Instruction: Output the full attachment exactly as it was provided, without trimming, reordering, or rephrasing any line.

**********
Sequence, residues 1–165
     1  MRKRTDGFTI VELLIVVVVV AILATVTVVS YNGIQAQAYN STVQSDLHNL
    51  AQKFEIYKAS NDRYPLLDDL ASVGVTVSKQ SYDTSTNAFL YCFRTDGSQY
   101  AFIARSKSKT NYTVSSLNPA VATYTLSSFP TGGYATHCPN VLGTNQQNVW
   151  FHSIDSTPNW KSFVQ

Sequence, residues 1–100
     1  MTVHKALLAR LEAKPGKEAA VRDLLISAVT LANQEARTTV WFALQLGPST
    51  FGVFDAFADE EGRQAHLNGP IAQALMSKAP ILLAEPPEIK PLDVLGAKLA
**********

Sequence, residues 1–165
     1  MRKRTDGFTI VELLIVVVVV AILATVTVVS YNGIQAQAYN STVQSDLHNL
    51  AQKFEIYKAS NDRYPLLDDL ASVGVTVSKQ SYDTSTNAFL YCFRTDGSQY
   101  AFIARSKSKT NYTVSSLNPA VATYTLSSFP TGGYATHCPN VLGTNQQNVW
   151  FHSIDSTPNW KSFVQ

Sequence, residues 1–100
     1  MTVHKALLAR LEAKPGKEAA VRDLLISAVT LANQEARTTV WFALQLGPST
    51  FGVFDAFADE EGRQAHLNGP IAQALMSKAP ILLAEPPEIK PLDVLGAKLA